LTE-A will help the providers balance their deployments to ensure a seamless coverage for their users. The coverage will be comprised of macro large cell sites (cover a large area) and pico cell sites (small area). Pico cell sites are very important for the providers when it comes to covering multi-storey building, indoor malls, and sections of stadiums. The sites can be installed at a low cost to the provider whilst matching the throughput of the larger more traditional macro sites. 4.5G will cram more bits in each Mhz of spectrum. Spectrum is extremely expensive with auctions in the USA and UK raising billions of dollars for the relevant regulator.

Whilst LTE-A is nice and sounds great, the obvious question follows. Will I be able to use it? If your device was made in the last year you should be ok. Wikipedia has an entry with a list of devices that will work on LTE-A, we have picked out the main vendors below but you can click here to check if your handset is compatible.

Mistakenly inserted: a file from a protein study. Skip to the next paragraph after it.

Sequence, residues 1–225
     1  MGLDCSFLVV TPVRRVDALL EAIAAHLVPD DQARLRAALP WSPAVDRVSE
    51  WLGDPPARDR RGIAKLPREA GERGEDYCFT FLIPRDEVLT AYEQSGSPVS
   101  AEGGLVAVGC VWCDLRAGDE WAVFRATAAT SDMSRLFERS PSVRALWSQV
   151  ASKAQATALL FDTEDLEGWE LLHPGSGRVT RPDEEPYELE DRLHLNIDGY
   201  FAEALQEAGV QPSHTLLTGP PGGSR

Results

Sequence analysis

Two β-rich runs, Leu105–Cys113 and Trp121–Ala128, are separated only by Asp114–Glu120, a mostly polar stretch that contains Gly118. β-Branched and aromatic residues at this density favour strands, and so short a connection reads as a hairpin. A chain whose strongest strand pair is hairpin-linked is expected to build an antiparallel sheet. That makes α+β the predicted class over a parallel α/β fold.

Apple

Name Category Max speed
iPhone 6 Smartphone 150 Mbit/s
iPhone 6 Plus Smartphone 150 Mbit/s
iPhone SE Smartphone 150 Mbit/s
iPhone 6S Smartphone 300 Mbit/s (2CA)
iPhone 6S Plus Smartphone 300 Mbit/s (2CA)
iPhone 7 Smartphone 450 Mbit/s (3CA)
iPhone 7 Plus Smartphone 450 Mbit/s (3CA)
iPad Pro Tablet 300 Mbit/s (2CA)

Huawei

Ascend Mate 7 Smartphone 300 Mbit/s
E5175 Router 300 Mbit/s
E5186 Router 300 Mbit/s
E5786 Mobile Hotspot 300 Mbit/s
Honor 6 Smartphone 300 Mbit/s
Huawei Mate S Smartphone 300 Mbit/s